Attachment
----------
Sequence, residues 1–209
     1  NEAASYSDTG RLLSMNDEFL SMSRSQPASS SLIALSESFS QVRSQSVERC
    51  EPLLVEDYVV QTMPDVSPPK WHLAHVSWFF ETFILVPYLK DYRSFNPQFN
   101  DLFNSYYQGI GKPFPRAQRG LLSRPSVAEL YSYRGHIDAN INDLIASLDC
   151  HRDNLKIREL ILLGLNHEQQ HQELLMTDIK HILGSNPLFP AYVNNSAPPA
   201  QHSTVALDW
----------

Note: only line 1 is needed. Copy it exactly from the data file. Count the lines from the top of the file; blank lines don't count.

Sequence, residues 1–209